As a wise blogger wrote today for #DBlogWeek (I’m sorry I can’t remember who it was, I read more than a few today J), it could be worse.  It’s true.  We’re alive today, and our blessings only increase from there.

I recently started a new mental exercise, fill in the blanks style: 

_______ today as if _______ was a gift

Because it is. 

Monday, May 16, 2016

Message Monday: What I’m doing here

I’m stoked to take part in Diabetes Blog Week for the first time this year!  Thank you Karen (@KarenBittrSweet) of the Bitter Sweet Diabetes blog for doing all the work to make this a wonderful week to learn from each other and discover new D voices!  Read them here.

I set up this blog in 2014 because I had known for a long time that going it alone wasn’t working anymore.  I’ve lived with diabetes for 16 years—most of them poorly controlled, the last few well managed, and all of them alone.  I could count the people who knew about my diabetes with two hands and the people I’d personally told on one.

When I emerged from my “dark ages” of diabetes and got back on track I realized my numbers were fine, but mentally the disease was still wreaking havoc.  My A1Cs were the best they’d ever been, but I still couldn’t talk about it.  I had neglected a key part of diabetes management: the psychological need for support.

So I went where the experts, my diabetes peers, were: online. 

Finding the online community was invaluable.  I found people I immensely respected who were following their dreams, having families, and advocating to make things better for people with diabetes.  

Why online?  For one, you get to connect with, learn from, laugh and cry with people.  Two, you don’t have to wear pants or makeup while doing it. 

When I moved to a smaller town from the metro area I sadly had to say goodbye to my local diabetes support group and hadn’t been able (read: hadn’t tried) to round up people to start a group in my new area, so I went online.  Like in the support group I sat back, listened to some stories, and slowly joined in, ever appreciating the courage and resiliency of the people who made me proud instead of ashamed what made us different.

I also hoped to add my voice, because so many times while reading a book or a blog by an author with diabetes I got that feeling that screamed, “ME TOO!”  I wanted to share the hard-won lessons I’d learned from my mistakes, the facts that changed everything I felt about diabetes and still rely on daily, in hopes they are of any use to others. They are:

  • You Can Do It
People living with diabetes are incredibly strong.  We practice many skills throughout the day: constant math for carb calculations and insulin doses, medical equipment troubleshooting, coping skills to deal with constant strain and unpredictability, and on and on.  We’re awesome, and we need to acknowledge that.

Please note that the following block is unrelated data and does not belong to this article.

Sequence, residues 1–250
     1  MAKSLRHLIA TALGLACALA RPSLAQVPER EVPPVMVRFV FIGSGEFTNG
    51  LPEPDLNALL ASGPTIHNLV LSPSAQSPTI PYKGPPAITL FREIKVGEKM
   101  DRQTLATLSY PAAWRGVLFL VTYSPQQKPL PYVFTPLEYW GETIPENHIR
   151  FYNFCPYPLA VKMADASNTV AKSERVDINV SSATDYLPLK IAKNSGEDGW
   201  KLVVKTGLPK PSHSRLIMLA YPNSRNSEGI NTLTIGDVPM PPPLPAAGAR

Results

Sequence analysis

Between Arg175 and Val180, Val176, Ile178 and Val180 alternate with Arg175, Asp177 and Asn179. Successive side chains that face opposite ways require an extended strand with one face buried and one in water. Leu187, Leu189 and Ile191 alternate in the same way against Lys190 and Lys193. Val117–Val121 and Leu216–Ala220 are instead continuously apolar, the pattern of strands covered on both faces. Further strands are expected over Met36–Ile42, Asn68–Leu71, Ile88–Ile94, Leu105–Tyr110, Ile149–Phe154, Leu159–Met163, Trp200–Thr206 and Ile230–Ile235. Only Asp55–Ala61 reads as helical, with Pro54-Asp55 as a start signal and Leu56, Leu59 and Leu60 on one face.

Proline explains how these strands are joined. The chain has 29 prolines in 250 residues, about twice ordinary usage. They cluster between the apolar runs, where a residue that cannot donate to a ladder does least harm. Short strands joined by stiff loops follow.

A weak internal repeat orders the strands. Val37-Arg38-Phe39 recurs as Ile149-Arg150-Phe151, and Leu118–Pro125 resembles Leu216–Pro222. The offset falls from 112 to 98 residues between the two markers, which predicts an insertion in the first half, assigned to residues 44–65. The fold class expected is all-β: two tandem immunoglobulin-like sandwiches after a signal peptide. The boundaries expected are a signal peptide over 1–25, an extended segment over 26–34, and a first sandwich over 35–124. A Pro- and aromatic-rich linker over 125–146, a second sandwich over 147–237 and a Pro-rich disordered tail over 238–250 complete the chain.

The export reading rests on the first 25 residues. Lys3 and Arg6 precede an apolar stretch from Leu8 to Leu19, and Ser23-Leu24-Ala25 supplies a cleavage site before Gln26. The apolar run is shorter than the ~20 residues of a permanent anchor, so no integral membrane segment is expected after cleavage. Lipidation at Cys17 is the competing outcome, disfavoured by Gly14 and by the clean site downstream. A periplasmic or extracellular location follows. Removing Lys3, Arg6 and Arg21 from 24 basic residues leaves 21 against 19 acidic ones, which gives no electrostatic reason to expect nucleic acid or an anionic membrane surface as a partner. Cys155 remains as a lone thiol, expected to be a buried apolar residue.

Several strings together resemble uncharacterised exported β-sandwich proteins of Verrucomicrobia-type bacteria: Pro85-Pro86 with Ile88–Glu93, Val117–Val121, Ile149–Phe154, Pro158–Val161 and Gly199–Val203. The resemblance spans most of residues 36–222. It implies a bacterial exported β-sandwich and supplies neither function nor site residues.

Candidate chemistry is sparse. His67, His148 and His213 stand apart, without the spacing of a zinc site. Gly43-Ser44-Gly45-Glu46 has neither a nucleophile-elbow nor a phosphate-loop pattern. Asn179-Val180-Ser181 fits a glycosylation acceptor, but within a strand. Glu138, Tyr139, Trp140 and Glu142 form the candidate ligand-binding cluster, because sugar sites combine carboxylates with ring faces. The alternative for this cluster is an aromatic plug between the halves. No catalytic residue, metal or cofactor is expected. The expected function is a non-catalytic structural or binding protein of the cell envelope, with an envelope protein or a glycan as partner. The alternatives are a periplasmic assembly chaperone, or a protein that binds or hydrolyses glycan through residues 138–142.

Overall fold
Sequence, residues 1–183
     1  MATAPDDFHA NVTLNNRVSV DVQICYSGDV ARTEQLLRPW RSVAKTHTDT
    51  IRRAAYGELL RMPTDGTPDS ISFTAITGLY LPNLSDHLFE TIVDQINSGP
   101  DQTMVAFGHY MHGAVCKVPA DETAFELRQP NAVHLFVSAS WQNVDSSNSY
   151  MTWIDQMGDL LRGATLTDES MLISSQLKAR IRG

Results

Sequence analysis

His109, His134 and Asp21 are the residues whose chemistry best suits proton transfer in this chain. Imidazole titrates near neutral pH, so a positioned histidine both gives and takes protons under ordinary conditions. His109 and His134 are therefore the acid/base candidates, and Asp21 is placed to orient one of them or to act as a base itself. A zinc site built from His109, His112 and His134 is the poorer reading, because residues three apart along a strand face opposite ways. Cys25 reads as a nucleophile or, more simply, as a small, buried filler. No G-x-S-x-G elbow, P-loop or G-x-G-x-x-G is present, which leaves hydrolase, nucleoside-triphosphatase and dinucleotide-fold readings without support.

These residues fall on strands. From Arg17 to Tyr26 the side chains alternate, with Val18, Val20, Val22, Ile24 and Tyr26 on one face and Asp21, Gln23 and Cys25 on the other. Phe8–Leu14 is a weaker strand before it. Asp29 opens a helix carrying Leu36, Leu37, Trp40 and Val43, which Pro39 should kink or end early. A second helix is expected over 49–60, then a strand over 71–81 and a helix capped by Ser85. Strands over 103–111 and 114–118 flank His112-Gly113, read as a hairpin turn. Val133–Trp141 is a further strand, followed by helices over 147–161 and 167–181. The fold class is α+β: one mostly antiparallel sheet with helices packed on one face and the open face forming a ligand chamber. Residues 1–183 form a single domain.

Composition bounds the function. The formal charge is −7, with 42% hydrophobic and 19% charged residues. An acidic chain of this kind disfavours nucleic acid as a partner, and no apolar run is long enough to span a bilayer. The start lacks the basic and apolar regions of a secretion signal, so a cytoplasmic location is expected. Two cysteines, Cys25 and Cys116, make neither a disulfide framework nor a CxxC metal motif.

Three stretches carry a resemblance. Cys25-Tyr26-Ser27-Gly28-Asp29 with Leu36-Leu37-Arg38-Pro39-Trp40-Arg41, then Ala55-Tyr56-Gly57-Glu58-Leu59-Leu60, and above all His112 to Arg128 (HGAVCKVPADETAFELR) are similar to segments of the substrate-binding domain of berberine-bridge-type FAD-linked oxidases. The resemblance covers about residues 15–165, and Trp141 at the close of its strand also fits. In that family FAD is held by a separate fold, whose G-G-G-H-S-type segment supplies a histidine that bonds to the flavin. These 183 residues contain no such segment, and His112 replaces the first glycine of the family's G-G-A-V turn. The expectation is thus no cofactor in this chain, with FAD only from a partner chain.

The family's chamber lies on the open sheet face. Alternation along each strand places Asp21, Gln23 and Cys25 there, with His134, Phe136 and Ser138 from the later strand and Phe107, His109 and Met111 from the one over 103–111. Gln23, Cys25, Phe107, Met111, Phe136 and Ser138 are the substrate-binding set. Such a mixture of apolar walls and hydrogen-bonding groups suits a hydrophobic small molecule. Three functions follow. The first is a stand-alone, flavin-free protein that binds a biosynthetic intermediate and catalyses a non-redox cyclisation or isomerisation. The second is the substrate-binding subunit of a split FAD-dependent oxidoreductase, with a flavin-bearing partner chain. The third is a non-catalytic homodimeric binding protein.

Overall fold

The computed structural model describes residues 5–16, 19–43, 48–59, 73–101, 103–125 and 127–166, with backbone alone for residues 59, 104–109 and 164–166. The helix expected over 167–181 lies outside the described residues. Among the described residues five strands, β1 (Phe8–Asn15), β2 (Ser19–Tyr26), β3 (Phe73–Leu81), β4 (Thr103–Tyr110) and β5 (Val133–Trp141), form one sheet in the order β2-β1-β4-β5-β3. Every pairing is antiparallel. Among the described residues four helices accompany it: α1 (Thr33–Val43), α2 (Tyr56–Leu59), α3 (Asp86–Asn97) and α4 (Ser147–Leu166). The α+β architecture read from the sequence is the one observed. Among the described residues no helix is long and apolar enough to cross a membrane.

We’re often reminded by well-intended people, organizations, and media that dangers and dire side effects are possible with diabetes, but only in the diabetes community is it made clear that your life is more full of possibilities than it is of limitations.  When I diagnosed I thought I had to give up my dreams for the future.  Now I realize that that misconception, not diabetes, was what stood in my way.

You can do it!

  • It’s Easier with Gratitude
Everyone with diabetes knows it’s no cake walk.  While the numbers go up and down they sometimes take your moods with them, and either one can go off the rails without provocation.  Diabetes is a party that never ends, even when you get tired. 

It’s expensive too.  I’ve left the pharmacy a number of times with tears in my eyes.  After indulging in self-pity for a while I try to remember that I’m incredibly blessed to have access to life-saving medicine, even if it costs me dearly. 

On days when I’m mentally stuck in muck, when I’m ready I remind myself I’m lucky to have made it this far and to have today.  I’ve found blessings are way more fun to count than carbs.

  • ...And People

It’s also easier with people in your lives who support and accept you.  I used to fervently defend the belief that you could do it by yourself and didn’t need anyone to be successful at diabetes management.  I suppose in some ways that’s true, but it’s lonely, and for me at least, emotionally damaging.  I still love me some independence, but engaging with people about diabetes is empowering, educational, and inspiring.  I’m encouraged to challenge myself and do better.  It’s gotten easier to talk about it with other people in my life and support those I know who live with diabetes, which is a wonderful feeling.

Thank you for that.